How To Travel When You Are Chronically Ill

I wish travel therapy was covered by my health insurance. –Anonymous, but sounds like something I would say!

If you’ve ever traveled with a nagging headache, or worse, you ate or drank something you probably shouldn’t have, you know that traveling when you don’t feel well is not fun.

Imagine then, that you love to travel but you struggle with a chronic illness.

Photo: Kelly Sikkema/Unsplash

My guess is that if you’re reading this, you too struggle with something that makes enjoying travel a challenge, so I hope that I can offer support in some way, even if it’s in the assurance that you are not alone!

After five years of off-and-on unexplained illness and multiple doctors who told me to “put more fiber into my diet,” (which was very poor advice, by the way) I was finally diagnosed with Crohn’s Disease in 2005. Since then, I have made the best that I can from this not-so-simple fact of my life. I have my good days and then, there are the frightening days. The catch has been that I never know from day to day or even hour to hour, how I will feel. I can wake up feeling great and be down in bed and in pain by lunchtime. There has been scary pain, emergency rooms, and hospital admissions. I have endured the crippling anxiety of giving myself shots, dealing with doctors who just want a copay and send me off with mulitple prescriptions that are nowhere near therapeutic levels, and employers who told me that I didn’t look sick! (–and I’m glad she never had to see me at my worst.) When faced with that attitude, I usually understand it to be cruel ignorance, assumptions, and disrespect, and let it go. Most people who are chronically ill are experts at living with their illness and manage to limit what others see. Not everyone that is sick has visible symptoms or should be required to prove that they are sick. Anyone who thinks that I don’t look sick has no idea what I deal with alone, not even the people who love me most.

Luckily, over the years my body’s bad behavior has only threatened to keep us from flying one time.  In the meantime, as I’m sure all my fellow chronically ill warriors will understand, I have taught myself to live with my condition, determined to carry on with life, as undeterred as possible. 

When it comes to travel, I have to confess that I have probably traveled when I shouldn’t have and pushed through trying to take in as much as I could while dealing with chronic pain. My illness, as unpredictable as it is, has left me doing everything I can to be as healthy and prepared as I can before leaving home.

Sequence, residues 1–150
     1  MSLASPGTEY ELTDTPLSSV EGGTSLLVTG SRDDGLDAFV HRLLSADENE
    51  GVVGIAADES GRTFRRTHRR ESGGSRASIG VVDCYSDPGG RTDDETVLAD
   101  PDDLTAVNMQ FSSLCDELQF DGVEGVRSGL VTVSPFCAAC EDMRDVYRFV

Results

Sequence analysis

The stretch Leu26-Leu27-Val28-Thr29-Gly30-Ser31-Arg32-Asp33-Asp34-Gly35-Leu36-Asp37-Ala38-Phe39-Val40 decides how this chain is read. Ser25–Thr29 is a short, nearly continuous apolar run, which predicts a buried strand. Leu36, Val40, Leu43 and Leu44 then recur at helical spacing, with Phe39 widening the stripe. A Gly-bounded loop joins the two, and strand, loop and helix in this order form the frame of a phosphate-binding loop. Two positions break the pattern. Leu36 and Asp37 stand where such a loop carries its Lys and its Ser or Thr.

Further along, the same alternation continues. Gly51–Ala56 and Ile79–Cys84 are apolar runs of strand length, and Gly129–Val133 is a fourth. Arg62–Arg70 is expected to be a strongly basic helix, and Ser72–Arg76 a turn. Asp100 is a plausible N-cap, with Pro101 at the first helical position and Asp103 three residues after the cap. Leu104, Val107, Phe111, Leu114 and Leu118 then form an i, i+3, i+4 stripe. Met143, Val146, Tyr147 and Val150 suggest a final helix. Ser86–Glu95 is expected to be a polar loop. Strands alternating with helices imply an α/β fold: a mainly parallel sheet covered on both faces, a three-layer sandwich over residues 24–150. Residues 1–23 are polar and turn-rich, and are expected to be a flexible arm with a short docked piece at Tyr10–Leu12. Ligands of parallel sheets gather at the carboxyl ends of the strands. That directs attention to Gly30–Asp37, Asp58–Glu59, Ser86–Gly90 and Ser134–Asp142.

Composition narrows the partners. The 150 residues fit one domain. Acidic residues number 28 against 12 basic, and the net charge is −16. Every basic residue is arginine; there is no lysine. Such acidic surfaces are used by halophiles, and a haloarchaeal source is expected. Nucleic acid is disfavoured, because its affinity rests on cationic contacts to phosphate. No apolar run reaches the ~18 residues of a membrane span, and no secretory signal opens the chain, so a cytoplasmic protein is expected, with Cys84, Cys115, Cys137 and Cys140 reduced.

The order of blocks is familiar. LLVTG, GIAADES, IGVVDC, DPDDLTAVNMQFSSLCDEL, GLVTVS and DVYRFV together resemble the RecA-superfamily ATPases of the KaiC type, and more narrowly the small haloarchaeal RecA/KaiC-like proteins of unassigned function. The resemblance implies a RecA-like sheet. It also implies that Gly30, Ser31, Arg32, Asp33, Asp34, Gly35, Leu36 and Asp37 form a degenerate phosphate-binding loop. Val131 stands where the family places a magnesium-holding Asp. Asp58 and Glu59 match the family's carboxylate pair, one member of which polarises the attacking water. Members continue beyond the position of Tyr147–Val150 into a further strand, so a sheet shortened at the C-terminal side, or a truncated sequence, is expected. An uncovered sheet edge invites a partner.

Whether you have migraines, asthma, MS, diabetes, or any illness that can threaten to slow you down, these are a few things that work for me as I prepare to travel as a chronically ill patient:

In the planning stage

As you prepare to travel, have you ever had to ask yourself, “Should I stay home?”  That’s a tough question when your trip is planned and paid for.  It’s important for me to take care of myself so I can travel.  That means seeing my doctor regularly, taking my meds on schedule and as prescribed, and making sure I am rested and have as little stress as possible (Ha!).

For me, it’s a great practice to see my doctor before I travel, if at all possible.  Am I well enough to hit the road safely and in good health?  I also try to be wary of any pain or potential side effects of my medication that I might be experiencing and talk with my doctor before I go. It’s best to address something beforehand so it doesn’t become a problem while I’m traveling.   

For our major trips, we always purchased travel insurance.  Our thinking is that it’s better to have it and not need it than to need it and wish we had it!  This is a bit of security for us in the event that my body rebels and we have to make the dreaded decision of whether to travel or not, or worse, if I get sick on the road and have to seek medical care.  Ask your travel professional about travel insurance if you think you might need a safety net but, before you purchase, be an informed consumer. Make sure you understand how travel insurance works, what it covers, and how to use it. 

Traveling with medication

When we travel, I am a walking medicine chest!  While most people check and double check their travel ID’s, tickets, boarding passes, and passports (which we do as well), I check and double check to make sure I have all the medication I need, both prescribed and over the counter.  My symptoms can often be managed with medications so I will always bring more than I need, just in case I need it or in the rare case that there are any hiccups in our travel plans that result in delays (i.e. no plane in Salt Lake City!).  Since my illness can be unpredictable, I go prepared for anything. I would rather bring home unused meds than not have enough to manage on the road.